A study suggests that pancreatin may be beneficial as enzyme replacement therapy for patients with diabetes.
Researchers in Germany designed an investigation to evaluate the impact of enzyme-replacement therapy on glucose metabolism and diabetes treatment in a prospective study of insulin-treated patients with diabetes mellitus.
Recently, high prevalence of exocrine dysfunction in diabetic populations has been reported. Patients with fecal elastase 1 concentration (FEC) less than 100 micrograms/gram have also been demonstrated to suffer from steatorrhea in about 60 percent of cases, indicating the need of pancreatic enzyme replacement therapy.
Researchers mention that until now, there have only been a few reports on the use of enzyme replacement therapy in diabetic patients with exocrine pancreatic insufficiency.
The study observed a total of 546 patients with diabetes mellitus requiring insulin treatment, and they were screened for exocrine dysfunction by FEC measurements. One hundred and fifteen patients (21.1 percent) had FEC less than 100 micrograms/gram (normal is greater than 200 micrograms/gram). Of these, 95 patients entered the study and 80 patients were randomized to receive either pancreatin (Creon) or placebo in a double-blind manner.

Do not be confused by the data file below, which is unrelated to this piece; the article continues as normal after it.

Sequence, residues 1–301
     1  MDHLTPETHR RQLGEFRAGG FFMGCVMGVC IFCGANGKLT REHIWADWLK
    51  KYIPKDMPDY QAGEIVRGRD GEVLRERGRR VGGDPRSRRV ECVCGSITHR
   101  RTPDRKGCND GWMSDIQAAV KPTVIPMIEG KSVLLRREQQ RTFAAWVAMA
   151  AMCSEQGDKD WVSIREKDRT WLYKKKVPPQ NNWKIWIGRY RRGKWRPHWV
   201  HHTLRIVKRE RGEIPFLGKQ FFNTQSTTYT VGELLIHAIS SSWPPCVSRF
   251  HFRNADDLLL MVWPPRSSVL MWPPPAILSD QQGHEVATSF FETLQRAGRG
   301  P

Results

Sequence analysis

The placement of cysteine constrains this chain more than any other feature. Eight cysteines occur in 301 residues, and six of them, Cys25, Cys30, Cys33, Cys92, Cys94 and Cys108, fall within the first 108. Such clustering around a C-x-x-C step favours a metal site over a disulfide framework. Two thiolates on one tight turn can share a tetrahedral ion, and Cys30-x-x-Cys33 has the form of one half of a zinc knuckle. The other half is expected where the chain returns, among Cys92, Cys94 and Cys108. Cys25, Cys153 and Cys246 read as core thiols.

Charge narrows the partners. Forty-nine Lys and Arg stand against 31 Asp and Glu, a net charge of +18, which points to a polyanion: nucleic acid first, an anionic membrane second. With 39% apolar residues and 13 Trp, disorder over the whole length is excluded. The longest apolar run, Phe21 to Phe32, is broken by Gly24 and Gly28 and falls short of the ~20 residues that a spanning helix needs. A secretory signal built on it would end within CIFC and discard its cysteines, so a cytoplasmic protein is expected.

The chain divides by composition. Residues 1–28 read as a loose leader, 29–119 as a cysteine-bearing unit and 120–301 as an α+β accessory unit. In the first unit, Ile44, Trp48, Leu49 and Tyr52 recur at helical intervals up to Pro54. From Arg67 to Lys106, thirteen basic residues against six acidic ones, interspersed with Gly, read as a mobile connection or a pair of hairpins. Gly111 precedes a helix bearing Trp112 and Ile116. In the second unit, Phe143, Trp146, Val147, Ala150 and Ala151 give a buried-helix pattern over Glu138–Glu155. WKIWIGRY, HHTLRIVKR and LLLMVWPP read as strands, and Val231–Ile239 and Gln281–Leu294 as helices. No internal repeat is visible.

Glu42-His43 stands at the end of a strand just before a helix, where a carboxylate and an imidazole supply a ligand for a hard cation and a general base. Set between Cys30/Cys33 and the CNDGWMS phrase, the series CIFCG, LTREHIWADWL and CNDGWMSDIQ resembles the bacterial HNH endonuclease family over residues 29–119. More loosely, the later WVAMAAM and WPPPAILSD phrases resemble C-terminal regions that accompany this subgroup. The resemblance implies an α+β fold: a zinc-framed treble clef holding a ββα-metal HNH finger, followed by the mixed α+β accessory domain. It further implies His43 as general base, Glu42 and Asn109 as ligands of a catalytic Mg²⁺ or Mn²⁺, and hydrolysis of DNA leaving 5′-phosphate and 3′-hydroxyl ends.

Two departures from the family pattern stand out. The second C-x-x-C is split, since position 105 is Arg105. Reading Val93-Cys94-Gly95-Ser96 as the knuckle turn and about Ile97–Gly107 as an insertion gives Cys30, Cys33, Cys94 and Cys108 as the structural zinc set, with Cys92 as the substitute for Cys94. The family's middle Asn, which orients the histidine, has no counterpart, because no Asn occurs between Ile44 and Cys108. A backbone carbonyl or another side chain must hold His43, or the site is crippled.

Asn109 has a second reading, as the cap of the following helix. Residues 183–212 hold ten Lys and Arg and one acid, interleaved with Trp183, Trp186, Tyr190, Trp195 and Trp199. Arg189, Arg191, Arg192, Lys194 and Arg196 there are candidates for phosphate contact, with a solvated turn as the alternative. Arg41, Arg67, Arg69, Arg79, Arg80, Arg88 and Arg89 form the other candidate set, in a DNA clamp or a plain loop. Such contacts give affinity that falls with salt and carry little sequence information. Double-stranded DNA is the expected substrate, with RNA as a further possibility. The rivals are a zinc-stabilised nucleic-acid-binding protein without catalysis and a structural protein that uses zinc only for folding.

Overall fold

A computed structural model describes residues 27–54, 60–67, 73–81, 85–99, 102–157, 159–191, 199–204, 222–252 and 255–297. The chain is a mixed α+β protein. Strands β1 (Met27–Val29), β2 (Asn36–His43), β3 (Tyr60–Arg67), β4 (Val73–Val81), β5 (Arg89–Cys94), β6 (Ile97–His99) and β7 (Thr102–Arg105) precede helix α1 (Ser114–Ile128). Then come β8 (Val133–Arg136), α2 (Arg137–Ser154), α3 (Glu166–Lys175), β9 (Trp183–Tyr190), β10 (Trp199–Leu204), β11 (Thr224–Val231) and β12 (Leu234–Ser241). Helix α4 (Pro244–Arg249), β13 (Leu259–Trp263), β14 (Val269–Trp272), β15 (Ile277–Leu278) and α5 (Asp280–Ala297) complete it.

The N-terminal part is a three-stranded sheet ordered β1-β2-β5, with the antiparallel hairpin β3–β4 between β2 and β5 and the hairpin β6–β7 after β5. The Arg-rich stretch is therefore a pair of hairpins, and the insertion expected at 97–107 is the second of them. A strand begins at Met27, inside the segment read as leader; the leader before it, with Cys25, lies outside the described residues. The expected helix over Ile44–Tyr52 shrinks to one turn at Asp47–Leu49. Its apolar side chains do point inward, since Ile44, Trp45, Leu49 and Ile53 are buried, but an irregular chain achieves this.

During the observation phase of 16 weeks, there were no significant differences between both groups concerning HbA(1c), fasting glucose levels, 2-h pp glucose levels, clinical parameters and safety parameters.
The study observed a reduction in mild and moderate hypoglycemia in the pancreatin group at the end of the study.
The study concluded that pancreatin therapy can be used safely in patients with diabetes mellitus and exocrine dysfunction. Parameters of glucose metabolism were not improved by enzyme replacement therapy.